Szamałek believes that, as the graphical fidelity and physical authenticity of worlds increases, narrative games will start to use objects and items much more intricately. “Another thing I really liked in LA Noire is that you could pick something up, twist it and look at it from different angles,” he says. “My training is in archeology, and I loved working with artefacts. There are so many stories you can pack into a mute object and I think it’s somewhat of a lost opportunity that in most games objects are just there – you don’t get to work with them.

“A few games try to do this. In Gone Home, there is a mystery to solve and there are plenty of objects – you can pick them up and try to figure out how they are relevant. It was one of the very few games where I actually felt like a detective – the ability to look closely at objects left behind by the characters really added an extra complexity to it.”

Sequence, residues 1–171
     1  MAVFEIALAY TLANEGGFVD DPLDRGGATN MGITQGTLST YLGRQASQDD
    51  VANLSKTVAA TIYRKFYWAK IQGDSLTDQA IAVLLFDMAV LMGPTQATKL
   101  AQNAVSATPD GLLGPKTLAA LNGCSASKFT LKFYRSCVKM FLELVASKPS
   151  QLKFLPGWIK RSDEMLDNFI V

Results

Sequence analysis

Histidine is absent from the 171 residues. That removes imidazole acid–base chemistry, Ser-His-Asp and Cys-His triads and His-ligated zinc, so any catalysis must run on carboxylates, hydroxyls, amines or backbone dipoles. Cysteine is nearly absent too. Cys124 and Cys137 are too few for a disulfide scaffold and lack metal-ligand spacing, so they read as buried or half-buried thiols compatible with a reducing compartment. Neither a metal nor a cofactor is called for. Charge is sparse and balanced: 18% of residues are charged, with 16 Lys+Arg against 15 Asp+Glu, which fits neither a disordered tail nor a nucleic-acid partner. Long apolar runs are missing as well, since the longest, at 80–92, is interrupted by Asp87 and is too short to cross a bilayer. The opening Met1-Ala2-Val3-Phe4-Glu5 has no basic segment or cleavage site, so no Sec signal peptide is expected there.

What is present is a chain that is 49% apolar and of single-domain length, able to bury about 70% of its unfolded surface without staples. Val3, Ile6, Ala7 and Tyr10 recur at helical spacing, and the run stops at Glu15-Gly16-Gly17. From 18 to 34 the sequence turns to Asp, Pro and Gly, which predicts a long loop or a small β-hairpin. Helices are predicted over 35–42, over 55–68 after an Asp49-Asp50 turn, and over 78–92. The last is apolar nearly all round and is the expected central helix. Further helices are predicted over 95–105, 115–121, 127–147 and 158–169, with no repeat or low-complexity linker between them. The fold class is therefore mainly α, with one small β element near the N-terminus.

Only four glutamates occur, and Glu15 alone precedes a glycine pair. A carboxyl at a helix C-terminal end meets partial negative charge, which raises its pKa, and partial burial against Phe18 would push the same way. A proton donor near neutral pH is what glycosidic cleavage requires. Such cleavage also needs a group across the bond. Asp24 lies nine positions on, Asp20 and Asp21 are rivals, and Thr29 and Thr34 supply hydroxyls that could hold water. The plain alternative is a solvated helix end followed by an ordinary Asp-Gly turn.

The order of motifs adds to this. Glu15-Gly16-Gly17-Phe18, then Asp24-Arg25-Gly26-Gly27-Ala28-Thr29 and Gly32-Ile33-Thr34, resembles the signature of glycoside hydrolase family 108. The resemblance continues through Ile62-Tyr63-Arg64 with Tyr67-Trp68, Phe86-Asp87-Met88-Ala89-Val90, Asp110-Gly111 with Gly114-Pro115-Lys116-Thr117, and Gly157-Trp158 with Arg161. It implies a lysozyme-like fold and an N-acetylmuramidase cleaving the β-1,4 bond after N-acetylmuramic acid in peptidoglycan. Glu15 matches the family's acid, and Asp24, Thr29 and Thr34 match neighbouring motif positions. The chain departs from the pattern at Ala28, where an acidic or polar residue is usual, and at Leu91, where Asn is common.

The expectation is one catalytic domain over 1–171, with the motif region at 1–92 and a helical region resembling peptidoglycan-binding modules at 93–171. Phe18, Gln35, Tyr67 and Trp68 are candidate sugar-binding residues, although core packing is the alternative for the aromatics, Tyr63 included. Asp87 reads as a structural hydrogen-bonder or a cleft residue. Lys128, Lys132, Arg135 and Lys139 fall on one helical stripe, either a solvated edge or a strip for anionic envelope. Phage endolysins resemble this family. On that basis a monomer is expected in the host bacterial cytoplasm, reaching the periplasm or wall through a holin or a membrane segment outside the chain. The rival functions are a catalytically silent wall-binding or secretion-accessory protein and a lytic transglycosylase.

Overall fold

Jubert agrees: “This is how the real world works. You pick up a thing and you look at it. What always strikes me is how much money and time we spend creating these incredibly detailed environments and then we use them for nothing.”

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The game design panel at the Celsius 232 festival. From left: festival organiser Diego García Cruz, Keith Stuart, Jakub Szamałek, Spanish game designer Ángel Luis Sucasas, Margaret Stohl, Tom Jubert and Dan Abnett. Photograph: Celsius

Learning about long-running stories

Narrative video games are transforming from sequences of discrete, self-contained adventures – as in the Uncharted series – to live, ongoing adventures where new content is continually plugged in, such as Destiny, DayZ and massive multiplayer titles including World of Warcraft. Narrative designers will have to learn how to tell stories that continue to evolve over months and even years.